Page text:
Friday, May 17, 2013

Plotting Against Picky Eating

I found this article in Parents Magazine online very helpful:

3 Myths About Picky Eating

Bunny eats a fairly wide variety of foods. She'll eat any kind of meat, fish, or poultry. Deli, encased, patty, roasted, grilled, poached, whatever. She eats a modest variety of fruits and vegetables.

 JD, on the other hand, is far pickier. So far this school year, he has taken a peanut butter (or almond butter) and jelly sandwich to school. It is accompanied by an apple, grapes, or banana. His lone vegetable is the carrot. He will eat processed meat but anything that isn't a hot dog, bologna, or salami must be breaded.

In general, he's not doing too bad. I know many families facing much more finicky eaters.

One thing that I believe contributes to the problem is modern food availability and distribution. How is that a problem?

Let's talk about the "olden days." You ate what you grew, preserved, or killed. Or you traded or bartered. The foods available were seasonal and local.

There was no pantry, no boxes of cookies or crackers, no frozen pizza on which people could fall back. A person could not eat strawberries, apples, carrots, or any other particular food all year round. Bread was baked. Crackers? Chips? Chocolate? Luxury items, if available at all. Dessert was a piece of fruit.

I am not going to try to tell you that everything about today is bad nor go over the benefits. You know what they are.

However, for any person living in a rural situation, what's on the table is the food to eat. No matter what it was. Eat or go hungry. (And, no Food Network or The Joy of Cooking to get recipes!) Perhaps that is part of the problem.

The article suggests that giving the child an eat-or-go-hungry ultimatum can lead to other problems. I get that. Sure, they may eventually eat. Is it a long-term solution?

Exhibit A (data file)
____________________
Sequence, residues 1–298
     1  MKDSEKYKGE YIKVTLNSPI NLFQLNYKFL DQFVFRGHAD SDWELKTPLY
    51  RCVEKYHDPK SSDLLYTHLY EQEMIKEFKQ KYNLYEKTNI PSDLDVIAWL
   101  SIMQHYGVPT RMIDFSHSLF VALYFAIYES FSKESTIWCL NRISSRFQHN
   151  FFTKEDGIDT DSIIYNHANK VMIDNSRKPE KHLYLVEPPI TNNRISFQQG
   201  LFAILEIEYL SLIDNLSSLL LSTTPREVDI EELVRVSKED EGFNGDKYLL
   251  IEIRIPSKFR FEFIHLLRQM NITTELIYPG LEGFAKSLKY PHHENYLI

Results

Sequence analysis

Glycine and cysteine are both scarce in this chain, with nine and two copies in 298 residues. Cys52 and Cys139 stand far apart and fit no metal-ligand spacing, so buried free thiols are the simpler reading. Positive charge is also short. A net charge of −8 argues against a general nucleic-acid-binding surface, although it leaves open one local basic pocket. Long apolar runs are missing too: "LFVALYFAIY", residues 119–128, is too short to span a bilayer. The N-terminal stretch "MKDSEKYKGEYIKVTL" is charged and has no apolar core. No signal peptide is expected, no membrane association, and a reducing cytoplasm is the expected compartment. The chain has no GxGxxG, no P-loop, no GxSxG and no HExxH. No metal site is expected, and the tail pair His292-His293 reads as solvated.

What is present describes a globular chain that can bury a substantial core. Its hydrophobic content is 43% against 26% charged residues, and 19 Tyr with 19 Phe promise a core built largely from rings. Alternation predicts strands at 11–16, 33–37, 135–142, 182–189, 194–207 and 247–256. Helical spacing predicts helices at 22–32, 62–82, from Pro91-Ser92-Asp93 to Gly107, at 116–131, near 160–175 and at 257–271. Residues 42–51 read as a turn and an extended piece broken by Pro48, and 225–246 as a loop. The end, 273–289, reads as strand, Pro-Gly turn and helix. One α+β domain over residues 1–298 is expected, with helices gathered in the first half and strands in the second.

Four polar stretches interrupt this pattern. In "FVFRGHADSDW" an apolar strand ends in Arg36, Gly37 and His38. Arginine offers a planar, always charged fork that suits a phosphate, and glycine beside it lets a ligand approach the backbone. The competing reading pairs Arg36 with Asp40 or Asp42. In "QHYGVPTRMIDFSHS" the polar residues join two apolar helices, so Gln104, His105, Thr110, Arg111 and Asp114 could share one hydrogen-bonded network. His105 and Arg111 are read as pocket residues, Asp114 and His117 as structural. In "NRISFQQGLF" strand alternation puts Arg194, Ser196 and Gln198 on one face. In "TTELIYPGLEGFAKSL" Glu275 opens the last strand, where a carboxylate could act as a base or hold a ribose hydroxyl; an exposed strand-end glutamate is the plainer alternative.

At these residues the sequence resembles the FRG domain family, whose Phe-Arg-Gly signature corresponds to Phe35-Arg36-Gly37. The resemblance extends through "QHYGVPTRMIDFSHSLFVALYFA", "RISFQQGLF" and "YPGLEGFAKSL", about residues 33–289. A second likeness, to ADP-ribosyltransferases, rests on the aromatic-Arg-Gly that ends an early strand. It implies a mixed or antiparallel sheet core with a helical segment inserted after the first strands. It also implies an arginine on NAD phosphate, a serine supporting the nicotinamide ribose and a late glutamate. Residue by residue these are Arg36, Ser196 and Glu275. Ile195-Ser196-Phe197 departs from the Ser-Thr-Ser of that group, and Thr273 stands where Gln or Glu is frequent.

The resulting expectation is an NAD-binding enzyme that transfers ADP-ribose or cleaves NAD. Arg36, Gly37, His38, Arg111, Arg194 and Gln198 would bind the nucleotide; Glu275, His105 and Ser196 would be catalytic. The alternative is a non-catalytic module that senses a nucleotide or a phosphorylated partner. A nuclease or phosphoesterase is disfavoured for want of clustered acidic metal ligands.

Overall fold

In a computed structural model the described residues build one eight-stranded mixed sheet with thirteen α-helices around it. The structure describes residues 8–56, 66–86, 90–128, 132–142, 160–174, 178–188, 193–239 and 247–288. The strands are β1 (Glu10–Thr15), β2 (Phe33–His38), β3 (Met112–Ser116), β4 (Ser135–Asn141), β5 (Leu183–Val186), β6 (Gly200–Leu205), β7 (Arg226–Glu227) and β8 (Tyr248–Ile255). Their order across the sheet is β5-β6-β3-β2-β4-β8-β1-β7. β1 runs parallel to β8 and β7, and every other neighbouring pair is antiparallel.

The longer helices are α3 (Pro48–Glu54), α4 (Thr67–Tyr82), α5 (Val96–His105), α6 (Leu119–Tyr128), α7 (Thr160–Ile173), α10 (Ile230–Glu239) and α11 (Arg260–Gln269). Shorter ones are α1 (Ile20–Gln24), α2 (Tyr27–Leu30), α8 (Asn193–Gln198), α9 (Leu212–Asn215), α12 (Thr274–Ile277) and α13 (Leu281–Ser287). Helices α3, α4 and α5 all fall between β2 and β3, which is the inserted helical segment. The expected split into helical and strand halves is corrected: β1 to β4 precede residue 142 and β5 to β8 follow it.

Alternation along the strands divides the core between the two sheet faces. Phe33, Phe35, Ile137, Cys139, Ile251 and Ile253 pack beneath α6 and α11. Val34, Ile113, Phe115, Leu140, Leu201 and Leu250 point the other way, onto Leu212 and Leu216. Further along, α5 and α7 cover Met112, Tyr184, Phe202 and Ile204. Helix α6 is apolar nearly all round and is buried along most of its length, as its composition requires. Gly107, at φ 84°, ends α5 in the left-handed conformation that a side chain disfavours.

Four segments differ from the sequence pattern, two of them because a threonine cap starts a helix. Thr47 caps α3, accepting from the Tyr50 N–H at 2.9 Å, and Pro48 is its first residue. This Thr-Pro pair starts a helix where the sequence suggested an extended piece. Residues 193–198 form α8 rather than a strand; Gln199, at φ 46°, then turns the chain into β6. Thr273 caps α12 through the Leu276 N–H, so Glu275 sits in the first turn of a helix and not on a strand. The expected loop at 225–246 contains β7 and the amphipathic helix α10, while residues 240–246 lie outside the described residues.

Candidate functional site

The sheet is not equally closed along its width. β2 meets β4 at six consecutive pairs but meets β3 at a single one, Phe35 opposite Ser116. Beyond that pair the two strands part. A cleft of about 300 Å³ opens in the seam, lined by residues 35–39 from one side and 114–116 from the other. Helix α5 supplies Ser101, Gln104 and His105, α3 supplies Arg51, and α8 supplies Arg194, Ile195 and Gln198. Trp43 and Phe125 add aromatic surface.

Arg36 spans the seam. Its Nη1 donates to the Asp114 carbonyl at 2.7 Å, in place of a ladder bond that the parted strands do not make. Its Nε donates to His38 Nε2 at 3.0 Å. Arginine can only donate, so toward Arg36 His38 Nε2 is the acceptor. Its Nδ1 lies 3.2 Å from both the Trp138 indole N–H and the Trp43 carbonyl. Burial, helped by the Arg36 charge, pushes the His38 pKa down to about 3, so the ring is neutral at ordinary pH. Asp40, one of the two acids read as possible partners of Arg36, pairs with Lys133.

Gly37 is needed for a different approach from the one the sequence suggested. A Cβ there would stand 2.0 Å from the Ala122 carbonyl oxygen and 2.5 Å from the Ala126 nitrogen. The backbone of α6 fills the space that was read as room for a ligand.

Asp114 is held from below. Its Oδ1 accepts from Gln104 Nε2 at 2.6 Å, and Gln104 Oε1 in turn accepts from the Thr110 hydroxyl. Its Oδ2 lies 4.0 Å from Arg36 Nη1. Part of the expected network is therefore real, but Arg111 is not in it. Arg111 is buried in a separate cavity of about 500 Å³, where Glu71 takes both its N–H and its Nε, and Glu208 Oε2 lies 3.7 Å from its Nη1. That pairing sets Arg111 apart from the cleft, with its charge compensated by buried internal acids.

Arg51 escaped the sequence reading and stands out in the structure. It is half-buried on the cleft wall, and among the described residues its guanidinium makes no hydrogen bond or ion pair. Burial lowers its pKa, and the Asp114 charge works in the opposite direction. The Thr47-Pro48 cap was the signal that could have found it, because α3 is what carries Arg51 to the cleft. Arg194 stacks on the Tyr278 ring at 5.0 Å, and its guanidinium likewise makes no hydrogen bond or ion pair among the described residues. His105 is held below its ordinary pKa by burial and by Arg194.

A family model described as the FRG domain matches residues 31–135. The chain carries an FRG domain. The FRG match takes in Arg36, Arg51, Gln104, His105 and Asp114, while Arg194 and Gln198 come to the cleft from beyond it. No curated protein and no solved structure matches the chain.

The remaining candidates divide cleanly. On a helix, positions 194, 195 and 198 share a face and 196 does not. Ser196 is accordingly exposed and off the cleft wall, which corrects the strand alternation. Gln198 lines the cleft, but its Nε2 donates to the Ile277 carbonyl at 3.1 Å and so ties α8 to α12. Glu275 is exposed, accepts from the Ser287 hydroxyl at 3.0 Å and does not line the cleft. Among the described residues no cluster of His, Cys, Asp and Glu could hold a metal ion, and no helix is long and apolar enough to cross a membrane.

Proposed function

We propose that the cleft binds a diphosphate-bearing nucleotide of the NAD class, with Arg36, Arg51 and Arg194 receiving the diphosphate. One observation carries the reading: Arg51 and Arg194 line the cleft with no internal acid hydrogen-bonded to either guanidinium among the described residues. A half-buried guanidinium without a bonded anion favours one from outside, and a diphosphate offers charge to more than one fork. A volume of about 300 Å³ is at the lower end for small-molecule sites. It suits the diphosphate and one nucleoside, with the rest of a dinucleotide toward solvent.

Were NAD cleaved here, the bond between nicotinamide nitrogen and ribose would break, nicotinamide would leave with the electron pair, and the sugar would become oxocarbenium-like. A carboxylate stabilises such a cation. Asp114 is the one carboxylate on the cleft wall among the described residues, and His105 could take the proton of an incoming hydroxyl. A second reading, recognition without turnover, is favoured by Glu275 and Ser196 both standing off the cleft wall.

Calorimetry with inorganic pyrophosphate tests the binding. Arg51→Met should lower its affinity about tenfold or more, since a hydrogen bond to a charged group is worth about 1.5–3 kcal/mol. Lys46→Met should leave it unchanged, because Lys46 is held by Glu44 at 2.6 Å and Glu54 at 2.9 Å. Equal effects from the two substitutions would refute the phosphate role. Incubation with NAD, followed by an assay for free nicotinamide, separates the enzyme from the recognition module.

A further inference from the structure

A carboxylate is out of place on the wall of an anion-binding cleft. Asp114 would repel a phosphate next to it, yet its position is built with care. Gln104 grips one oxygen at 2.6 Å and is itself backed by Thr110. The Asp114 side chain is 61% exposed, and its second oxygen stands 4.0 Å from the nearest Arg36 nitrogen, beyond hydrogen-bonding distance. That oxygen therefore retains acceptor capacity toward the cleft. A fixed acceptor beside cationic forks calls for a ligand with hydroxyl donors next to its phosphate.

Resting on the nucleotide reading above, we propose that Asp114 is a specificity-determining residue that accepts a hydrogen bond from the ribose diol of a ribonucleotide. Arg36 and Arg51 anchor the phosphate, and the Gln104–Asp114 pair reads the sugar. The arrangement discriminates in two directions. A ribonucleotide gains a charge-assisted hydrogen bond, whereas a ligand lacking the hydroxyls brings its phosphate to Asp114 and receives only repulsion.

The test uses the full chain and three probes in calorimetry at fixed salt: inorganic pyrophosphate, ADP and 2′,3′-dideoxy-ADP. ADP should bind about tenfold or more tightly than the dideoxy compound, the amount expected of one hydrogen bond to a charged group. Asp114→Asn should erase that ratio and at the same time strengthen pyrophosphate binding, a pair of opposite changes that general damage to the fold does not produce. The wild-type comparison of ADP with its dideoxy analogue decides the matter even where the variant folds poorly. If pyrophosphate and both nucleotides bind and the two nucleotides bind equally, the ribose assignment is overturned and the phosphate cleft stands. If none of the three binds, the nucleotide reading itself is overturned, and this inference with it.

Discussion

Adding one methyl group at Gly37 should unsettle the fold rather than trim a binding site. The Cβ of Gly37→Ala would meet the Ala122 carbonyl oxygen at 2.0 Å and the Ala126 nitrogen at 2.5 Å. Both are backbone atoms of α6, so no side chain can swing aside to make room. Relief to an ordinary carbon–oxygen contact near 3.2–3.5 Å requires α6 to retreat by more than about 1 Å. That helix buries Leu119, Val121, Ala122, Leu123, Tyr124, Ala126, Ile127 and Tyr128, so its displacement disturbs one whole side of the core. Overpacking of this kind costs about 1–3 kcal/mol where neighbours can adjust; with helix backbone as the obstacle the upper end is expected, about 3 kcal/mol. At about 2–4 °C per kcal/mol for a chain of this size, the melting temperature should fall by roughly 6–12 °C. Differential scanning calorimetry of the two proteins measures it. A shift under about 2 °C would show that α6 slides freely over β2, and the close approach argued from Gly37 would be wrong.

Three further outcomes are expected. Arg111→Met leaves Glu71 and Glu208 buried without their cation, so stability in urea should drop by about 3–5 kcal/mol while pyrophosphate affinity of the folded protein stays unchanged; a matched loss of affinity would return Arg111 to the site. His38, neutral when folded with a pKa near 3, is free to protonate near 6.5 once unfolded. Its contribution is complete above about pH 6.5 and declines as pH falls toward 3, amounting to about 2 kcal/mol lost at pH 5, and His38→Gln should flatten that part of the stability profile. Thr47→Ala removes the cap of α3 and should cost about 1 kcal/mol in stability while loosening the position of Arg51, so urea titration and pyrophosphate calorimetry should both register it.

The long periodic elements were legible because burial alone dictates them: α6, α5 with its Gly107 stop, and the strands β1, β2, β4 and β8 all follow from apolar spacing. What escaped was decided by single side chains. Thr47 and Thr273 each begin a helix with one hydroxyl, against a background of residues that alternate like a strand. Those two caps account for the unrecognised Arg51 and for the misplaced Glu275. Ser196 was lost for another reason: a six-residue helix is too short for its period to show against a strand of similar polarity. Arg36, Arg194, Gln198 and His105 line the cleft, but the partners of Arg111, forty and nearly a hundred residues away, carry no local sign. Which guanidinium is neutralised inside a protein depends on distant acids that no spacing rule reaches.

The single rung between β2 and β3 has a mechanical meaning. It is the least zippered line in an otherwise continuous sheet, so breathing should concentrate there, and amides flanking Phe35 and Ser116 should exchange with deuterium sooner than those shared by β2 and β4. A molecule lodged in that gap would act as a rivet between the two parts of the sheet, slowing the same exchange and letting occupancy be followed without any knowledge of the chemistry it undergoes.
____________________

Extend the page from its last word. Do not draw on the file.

Some of my favorite parts include giving the child or children a spoonful of each part of the adult meal on their plate. The child does not have to eat it and the parent should keep a neutral attitude, rather than saying how much the child will like the new food.

For my own self, the hard part is the suggestion that this food may have to be thrown out. I abhor waste. On the flip side, many gallons of unconsumed or befouled milk have gone down the drain. Many pounds of raw meat have been left too long and gone bad. Moldy bread and cheese. Stale chips and crackers. So a tablespoon of food here and there would not be the end of the world.

The next part is making a plan. Wife and I typically plan all of our dinners on Sunday night or Monday morning. Helps a lot with the week's shopping and general planning. What I have failed to do is plan the children's meals simultaneously. And, in general, I cook fairly complex things that kids are not expected to eat, though occasionally Bunny will try some. However, if I plan right and can make the kids something similar so that the incorporation of a couple of spoonfuls of invasive foods would not be so traumatic.

Will let you know how it goes!

Thursday, May 9, 2013


In general, I do not cave when it comes to the kids. They do not get whatever they want. At all.

Give me your best tantrum.

Screaming definitely will not get anything except a requisite apology.

Threatening me will get me to laugh.

The realization that osteoporosis or general bone weakness has made me cave.

Chocolate milk, it is.

Yes, my friends, I have finally surrendered to my just-turned-four-year-old. She was not drinking white milk. Maybe eight to ten ounces per day. Not enough.

So, I've gone chocolate. (You know what they say . . .)

Don't get me wrong, I love chocolate milk. LOVE IT. On the other hand, I don't want sugar to be the only way I get my children to eat food. (Or excessive fat and salt.)

Wife suggested that I simply add a smaller amount than the serving size. Will see how that works out.

Friday, May 3, 2013

De-Clutter Ramification

JD: Daddy, why is the house empty?

Me: It's just clean.